Over the past two decades, advances have been made in the understanding of problems in helicopter aerodynamics using so-called computational fluid dynamics or CFD. Here, finite-difference or finite-volume approximations to the governing flow equations are used to model, from first principles, the complex flow field about the helicopter rotor and its airframe. The general field of helicopter CFD is reviewed by Caradonna (1990), Landgrebe (1988,1994), McCroskey (1995), and Conlisk (2002). These works contain many references documenting past, present, and potentially future capabilities of CFD as it might be applied to helicopter problems. The choice of which governing equations to use affects the level of physics captured by the CFD scheme, as well as the computational effort and time taken to solve the problem. Furthermore, the choice of numerical method affects accuracy, stability, and cost. To some, the development of CFD by itself is held out to be the “Holy Grail” for the helicopter aerodynamicist, yet this is a very misleading perspective because CFD has its limitations. These limitations include grid dependent solutions, numerical issues, the ability to model turbulence, and so on. CFD methods must also be validated against measurements if they are to realize the high predictive confidence levels needed for design work. Therefore, CFD does not, by itself, hold the answer to all the various aerodynamic problems on helicopters. The real answer lies in the successful integration of advanced forms of aerodynamic analysis into other disciplines of engineering analysis. It is also unwise for other approaches to be abandoned in the shorter term while “CFD” matures to an accepted level of capability, given that this could still be decades off.

Chapter Review

This chapter has introduced the aerodynamics of the wind turbine, mainly to show both the differences between and similarities to helicopter rotors. The idea that the wind contains energy has been outlined and the ability of a wind turbine to extract that energy has been explained. It is apparent that many strides have been made in the understanding and modeling of wind turbine aerodynamics, especially over the last two decades where environmental concerns have driven more research into renewable energy resources. For the future there is a need to refine and expand existing models and in some cases to develop new aerodynamic models that can encompass a wider range of operating conditions and wind turbine now states. This will allow adverse effects to be properly predicted early in the design cycle and more efficient and reliable wind turbines to be designed for the future.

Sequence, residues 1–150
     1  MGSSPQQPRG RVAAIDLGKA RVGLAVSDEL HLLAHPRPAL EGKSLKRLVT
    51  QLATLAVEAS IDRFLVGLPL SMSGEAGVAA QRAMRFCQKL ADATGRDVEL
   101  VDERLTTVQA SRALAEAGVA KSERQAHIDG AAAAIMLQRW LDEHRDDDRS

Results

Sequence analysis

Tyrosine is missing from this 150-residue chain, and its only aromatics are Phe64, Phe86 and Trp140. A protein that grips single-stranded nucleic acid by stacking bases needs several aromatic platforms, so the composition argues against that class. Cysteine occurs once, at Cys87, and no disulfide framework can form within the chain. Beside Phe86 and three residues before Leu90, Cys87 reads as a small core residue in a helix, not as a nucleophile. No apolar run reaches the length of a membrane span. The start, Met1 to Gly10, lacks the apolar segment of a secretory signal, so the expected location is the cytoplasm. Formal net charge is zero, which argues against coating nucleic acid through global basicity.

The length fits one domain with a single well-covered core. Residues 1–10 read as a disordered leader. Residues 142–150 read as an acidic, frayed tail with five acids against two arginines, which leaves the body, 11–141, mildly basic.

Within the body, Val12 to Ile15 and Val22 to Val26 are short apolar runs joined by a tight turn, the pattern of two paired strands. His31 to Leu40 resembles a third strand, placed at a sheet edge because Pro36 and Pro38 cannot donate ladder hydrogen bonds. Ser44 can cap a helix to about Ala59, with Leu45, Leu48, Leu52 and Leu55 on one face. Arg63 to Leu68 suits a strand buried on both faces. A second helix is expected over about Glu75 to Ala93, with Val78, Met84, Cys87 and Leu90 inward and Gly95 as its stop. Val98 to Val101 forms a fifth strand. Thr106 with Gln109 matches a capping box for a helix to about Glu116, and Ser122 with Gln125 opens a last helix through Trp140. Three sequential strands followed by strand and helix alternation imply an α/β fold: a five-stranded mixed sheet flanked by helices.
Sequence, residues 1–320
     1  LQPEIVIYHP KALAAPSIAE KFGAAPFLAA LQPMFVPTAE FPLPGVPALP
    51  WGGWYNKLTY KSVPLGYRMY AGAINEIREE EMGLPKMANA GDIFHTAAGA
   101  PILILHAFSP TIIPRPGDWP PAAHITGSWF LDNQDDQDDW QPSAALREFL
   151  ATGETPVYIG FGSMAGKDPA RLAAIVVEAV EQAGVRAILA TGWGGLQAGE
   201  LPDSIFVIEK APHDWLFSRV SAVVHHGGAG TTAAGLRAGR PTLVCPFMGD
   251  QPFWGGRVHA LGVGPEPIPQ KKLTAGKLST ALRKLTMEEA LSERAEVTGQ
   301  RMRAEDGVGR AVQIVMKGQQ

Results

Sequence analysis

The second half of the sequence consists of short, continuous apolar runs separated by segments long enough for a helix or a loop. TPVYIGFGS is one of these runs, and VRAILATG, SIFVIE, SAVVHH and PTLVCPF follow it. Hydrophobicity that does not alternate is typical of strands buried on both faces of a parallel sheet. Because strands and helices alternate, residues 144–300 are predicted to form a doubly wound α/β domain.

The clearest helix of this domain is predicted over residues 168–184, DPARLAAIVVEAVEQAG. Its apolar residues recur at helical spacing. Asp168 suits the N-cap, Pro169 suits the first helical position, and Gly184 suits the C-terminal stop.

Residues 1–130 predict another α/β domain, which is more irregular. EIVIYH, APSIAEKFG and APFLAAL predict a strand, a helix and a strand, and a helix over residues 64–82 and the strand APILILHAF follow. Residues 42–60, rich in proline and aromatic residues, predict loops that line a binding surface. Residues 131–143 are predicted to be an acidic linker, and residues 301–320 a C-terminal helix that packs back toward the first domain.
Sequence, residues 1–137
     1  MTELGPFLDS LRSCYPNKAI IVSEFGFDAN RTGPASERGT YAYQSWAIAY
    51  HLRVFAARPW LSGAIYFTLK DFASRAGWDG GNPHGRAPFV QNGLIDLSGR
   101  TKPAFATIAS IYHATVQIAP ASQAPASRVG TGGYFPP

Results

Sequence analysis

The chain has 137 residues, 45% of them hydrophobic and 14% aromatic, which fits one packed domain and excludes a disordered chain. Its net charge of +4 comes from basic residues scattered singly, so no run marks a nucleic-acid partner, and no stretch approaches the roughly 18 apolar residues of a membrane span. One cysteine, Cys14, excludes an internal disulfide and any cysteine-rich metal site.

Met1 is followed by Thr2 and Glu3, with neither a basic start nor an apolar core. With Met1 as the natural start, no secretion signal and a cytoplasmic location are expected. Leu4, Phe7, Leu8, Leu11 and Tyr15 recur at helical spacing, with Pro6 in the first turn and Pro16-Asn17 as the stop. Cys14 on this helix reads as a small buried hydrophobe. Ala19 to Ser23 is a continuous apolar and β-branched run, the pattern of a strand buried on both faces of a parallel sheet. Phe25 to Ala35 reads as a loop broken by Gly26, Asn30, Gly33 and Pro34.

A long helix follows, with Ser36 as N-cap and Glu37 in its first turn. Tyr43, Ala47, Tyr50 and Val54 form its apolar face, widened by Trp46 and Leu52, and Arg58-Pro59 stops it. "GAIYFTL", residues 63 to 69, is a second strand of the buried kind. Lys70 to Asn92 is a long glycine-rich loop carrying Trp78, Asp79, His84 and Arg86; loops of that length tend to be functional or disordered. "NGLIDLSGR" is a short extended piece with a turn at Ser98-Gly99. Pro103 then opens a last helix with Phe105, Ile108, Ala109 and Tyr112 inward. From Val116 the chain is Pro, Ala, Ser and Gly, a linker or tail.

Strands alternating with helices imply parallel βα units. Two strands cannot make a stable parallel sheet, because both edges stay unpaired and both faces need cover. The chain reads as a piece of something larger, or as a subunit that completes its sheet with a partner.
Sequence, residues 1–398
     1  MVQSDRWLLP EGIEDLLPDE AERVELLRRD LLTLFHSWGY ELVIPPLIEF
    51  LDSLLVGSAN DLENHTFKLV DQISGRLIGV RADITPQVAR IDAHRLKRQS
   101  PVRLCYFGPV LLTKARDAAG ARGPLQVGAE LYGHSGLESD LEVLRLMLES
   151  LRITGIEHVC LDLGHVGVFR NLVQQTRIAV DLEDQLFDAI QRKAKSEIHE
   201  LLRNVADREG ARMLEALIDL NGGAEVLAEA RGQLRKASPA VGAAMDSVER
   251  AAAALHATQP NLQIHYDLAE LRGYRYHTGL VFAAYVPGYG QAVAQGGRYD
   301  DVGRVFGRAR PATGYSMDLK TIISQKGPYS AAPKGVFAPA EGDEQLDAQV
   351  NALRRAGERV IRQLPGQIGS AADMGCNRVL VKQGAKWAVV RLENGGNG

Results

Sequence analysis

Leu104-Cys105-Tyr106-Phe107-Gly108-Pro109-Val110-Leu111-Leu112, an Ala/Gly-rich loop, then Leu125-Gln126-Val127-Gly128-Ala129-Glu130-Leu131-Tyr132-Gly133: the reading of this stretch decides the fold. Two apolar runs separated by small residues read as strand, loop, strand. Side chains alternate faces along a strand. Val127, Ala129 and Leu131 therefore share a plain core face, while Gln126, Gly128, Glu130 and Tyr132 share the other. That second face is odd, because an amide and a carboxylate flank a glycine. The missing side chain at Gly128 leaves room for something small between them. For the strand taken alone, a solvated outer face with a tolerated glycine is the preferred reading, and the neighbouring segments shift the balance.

It has been shown how predictive approaches for wind turbine aerodynamics have paral­leled the methods used for helicopter analysis. The fundamental performance of the machine has been examined using momentum theory and blade element momentum theory (BEMT). Despite its relative simplicity and limitations, the BEMT allows a clear examination of the design factors that influence wind turbine performance and design. However, the BEMT is limited in terms of generality to a less than desirable range of operating conditions.

Chapter Review